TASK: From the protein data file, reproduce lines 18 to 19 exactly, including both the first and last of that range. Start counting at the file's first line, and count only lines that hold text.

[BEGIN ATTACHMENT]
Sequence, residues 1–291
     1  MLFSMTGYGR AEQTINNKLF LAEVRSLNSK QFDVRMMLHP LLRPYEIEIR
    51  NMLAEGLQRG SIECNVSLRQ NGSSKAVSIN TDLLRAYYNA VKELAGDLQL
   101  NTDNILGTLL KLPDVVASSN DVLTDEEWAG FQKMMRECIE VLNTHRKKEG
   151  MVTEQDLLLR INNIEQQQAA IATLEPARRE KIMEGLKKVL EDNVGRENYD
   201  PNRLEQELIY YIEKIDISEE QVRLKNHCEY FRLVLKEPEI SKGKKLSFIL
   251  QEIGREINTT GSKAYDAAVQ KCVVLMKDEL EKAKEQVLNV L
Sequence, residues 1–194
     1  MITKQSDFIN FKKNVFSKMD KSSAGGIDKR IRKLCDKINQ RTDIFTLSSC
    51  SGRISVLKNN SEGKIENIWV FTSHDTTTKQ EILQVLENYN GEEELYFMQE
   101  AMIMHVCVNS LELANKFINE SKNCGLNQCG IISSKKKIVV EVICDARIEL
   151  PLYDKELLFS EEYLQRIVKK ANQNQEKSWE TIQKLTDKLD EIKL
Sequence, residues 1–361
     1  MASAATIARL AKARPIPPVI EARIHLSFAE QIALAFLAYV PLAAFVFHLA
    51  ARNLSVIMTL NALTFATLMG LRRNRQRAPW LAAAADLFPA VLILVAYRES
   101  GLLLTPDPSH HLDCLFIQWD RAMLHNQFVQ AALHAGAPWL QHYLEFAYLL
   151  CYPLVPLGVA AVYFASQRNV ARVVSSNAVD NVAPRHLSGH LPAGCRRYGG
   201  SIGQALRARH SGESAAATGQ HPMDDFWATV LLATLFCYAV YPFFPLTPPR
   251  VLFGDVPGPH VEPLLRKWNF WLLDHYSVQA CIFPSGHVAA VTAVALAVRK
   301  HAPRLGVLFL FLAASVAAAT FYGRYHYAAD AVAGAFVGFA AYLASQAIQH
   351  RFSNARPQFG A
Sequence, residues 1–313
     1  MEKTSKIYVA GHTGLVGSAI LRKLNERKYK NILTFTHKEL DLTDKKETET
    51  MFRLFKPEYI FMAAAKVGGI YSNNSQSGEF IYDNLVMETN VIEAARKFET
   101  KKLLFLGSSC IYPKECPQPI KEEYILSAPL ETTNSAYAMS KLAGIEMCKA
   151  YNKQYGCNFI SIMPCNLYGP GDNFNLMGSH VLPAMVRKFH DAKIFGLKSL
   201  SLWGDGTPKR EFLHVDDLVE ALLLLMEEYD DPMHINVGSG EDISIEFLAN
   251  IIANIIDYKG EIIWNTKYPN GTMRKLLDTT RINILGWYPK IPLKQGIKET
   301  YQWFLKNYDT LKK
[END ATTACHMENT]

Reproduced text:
   201  SIGQALRARH SGESAAATGQ HPMDDFWATV LLATLFCYAV YPFFPLTPPR
   251  VLFGDVPGPH VEPLLRKWNF WLLDHYSVQA CIFPSGHVAA VTAVALAVRK